Detail View
«  »  ×

Antonio Stradivari 1683 VL Amatisé, de Ahna

In the year 1680, Stradivari left the house called ‘Pescaroli’, which he had inhabited since 1667 with his wife, Francesca Ferraboschi, and purchased a house at No. 1, Piazza San Domenico (now known as No. 1, Piazza Roma). With this gesture, he manifested a need for autonomy that was becoming increasingly evident in those years and there is little doubt that establishing his own estate surely contributed to the development of his personal style as a luthier. Horace Petherick analysed the differences between Amati’s and Stradivari’s designs in those years, and it is interesting to see how the minute changes in the latter’s style were already visible in his violin ‘de Ahna’: ‘It will be seen that the upper and lower thirds of the design have much in common with each other, and that the middle or waist partakes also of the same characteristics, the whole being a series of full rounded curves, varied as required, to harmonise and flow with ease and grace to squared corners. The slightest possible narrowing or decrease in the size of the upper of the waist curve and a corresponding enlargement of the lower part, served in the hands of Stradivari to impart a different aspect to the whole pattern. The waist, now less pinched in at the middle, looked longer without being really so. The parts above the upper corners and those below the lower ones were modified, the large curves becoming a little flatter just before blending with the smaller ones. From these alterations, each one trifling in itself, there resulted what may be called the first or earliest Stradivari pattern; in it were the gems of all the succeeding ones that contributed more and more to the fame of their designer as they appeared.’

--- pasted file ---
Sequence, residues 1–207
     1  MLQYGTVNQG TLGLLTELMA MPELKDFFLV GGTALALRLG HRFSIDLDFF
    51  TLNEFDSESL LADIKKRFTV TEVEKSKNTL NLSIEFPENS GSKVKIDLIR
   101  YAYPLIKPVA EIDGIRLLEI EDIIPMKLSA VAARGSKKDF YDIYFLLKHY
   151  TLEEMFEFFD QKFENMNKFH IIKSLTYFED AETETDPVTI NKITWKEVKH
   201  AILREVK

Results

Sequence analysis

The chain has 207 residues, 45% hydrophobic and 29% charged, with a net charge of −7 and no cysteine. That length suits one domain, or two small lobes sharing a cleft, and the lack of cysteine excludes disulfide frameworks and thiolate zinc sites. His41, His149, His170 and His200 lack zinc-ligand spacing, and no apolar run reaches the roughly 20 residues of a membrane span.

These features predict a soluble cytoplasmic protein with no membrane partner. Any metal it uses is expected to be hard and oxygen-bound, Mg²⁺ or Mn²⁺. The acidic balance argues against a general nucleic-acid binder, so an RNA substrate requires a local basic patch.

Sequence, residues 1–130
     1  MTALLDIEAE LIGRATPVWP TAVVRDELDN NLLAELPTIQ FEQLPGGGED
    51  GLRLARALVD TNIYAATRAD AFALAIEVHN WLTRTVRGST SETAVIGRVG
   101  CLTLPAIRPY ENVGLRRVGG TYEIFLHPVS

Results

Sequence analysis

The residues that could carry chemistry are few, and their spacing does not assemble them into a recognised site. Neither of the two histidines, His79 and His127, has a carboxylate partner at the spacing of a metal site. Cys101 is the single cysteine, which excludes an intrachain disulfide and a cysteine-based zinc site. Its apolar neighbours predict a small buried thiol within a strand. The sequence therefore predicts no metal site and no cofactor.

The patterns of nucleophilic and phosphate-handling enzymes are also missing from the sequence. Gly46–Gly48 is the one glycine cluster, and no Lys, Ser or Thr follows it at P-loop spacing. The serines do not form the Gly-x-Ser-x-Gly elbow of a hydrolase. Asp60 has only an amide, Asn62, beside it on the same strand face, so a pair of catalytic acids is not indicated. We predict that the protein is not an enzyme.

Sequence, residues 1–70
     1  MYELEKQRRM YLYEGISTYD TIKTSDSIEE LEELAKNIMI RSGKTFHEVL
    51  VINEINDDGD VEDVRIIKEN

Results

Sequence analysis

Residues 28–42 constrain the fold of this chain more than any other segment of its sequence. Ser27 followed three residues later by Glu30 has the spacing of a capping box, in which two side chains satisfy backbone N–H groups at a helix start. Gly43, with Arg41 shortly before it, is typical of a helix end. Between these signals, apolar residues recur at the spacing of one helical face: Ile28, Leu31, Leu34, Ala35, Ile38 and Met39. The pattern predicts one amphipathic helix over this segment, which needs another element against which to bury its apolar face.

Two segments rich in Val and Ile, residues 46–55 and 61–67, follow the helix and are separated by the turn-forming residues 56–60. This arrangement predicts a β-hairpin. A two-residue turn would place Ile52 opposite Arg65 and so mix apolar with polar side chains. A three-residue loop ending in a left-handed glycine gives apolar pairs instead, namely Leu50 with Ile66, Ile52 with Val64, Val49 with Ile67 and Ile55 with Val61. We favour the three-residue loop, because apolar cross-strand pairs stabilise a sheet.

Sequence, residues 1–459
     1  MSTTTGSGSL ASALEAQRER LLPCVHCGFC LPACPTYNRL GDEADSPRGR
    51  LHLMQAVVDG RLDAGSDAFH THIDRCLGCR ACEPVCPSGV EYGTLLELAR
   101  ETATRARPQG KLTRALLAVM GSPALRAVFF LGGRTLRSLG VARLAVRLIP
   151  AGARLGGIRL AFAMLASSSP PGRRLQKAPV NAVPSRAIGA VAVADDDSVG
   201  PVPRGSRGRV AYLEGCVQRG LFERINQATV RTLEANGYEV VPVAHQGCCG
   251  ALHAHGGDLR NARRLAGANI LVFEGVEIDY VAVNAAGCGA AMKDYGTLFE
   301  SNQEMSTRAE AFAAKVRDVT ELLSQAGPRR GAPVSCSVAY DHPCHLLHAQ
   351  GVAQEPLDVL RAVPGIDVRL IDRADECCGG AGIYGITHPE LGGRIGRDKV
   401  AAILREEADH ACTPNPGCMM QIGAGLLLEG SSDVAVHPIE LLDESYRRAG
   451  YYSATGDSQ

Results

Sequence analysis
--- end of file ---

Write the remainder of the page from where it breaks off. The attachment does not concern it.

Further Details

Antonio Stradivari Set 1, Volume 1, Page 128